If you suffer from migraine headaches, you are not alone. In 2003, The World Health Organization estimated that 303 million people worldwide suffered from migraine headaches. This number may be conservative, as individuals often self-diagnose themselves as having a sinus headache when, in all actuality, what they are experiencing is a migraine headache.
A migraine is a neurological condition. It often results in reccurring attacks that have similar attributes to that of a normal headache, but are longer in duration and more severe than a common headache. Migraines are typically classified into two categories: classic and common. Classic migraines are often preceded by visual disturbances (like flashing light) and odd physical sensations that can include tingling, numbness, nausea and vomiting. Precursors to common migraines are feelings of depression and/or restlessness, or even periods of talkativeness. These symptoms are usually experienced two to three days before the migraine starts.
Several things are known to contribute to migraines. The rate of blood flow to the brain or the constriction in certain blood vessels may play a role. In addition, a wide variety of stimuli have been reported to trigger the onset of a migraine headache, including tension, bright lights, loud noises, strong smells, weather changes, fatigue, missed meals, and emotional upset. Many common foods and beverages, including lunchmeat, hot dogs, alcohol, beans, coffee, tea, cheese, and chocolate may also trigger a migraine.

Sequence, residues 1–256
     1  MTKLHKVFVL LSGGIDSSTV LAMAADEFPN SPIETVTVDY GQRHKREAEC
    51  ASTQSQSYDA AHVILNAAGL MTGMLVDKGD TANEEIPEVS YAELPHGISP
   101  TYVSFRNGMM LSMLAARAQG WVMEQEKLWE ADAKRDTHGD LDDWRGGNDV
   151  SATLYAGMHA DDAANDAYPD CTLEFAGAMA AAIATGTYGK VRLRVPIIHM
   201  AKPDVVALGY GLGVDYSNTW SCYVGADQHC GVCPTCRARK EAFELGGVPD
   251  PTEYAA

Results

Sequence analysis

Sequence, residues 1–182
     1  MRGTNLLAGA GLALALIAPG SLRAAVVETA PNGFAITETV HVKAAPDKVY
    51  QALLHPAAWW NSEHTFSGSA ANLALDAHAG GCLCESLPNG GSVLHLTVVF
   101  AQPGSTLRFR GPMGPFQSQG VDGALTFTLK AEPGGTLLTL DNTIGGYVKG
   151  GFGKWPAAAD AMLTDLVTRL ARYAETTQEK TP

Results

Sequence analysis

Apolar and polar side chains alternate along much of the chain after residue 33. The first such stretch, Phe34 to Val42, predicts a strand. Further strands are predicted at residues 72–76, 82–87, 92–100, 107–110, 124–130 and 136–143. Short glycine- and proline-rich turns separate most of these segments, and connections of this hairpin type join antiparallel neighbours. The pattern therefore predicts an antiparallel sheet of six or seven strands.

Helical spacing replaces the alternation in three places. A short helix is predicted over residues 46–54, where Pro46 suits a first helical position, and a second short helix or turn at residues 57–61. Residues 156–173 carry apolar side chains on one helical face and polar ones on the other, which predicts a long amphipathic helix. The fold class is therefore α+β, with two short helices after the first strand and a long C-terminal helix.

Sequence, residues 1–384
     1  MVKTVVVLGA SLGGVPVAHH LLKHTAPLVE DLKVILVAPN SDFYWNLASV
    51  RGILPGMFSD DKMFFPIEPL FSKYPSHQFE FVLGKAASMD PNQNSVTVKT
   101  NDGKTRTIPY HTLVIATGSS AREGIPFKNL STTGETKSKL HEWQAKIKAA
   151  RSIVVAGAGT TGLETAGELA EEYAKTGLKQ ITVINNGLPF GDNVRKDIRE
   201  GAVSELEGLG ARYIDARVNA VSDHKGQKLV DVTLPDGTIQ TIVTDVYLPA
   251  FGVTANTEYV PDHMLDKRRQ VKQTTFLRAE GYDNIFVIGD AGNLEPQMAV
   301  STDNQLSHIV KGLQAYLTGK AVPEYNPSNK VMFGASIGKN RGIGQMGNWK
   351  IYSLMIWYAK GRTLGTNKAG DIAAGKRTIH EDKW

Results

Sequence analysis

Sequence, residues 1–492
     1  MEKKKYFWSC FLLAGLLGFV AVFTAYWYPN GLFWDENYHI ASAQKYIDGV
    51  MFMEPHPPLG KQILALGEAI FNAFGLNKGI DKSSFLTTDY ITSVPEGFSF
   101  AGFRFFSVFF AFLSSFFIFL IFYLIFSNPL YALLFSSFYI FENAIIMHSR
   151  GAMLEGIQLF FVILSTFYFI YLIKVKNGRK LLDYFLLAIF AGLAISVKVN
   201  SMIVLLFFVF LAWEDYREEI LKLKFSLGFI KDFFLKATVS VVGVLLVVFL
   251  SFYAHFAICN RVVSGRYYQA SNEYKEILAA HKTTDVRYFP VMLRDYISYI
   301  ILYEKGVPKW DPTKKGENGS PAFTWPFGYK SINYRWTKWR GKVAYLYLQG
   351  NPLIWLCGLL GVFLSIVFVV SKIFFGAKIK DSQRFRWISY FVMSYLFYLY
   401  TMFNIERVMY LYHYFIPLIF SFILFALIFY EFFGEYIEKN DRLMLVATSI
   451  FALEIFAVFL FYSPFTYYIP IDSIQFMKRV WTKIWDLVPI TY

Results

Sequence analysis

The onset of a migraine is marked when the blood vessels within the head shrink, then swell, resulting in extreme and uncomfortable pain. It is estimated that 60% of all migraine pain tends to be localized to one side of the head. The length and frequency of migraine attacks vary. Migraines can last a few minutes, a couple of hours, or, in severe cases, several days. Some individuals suffer migraines weekly, while others have one per year.
When migraine headaches occur at a frequency and intensity so as to prevent people from being able to work, they will often apply for Social Security Disability. To read more about applying for Social Security Disability benefits based on migraine headaches, please click on the link.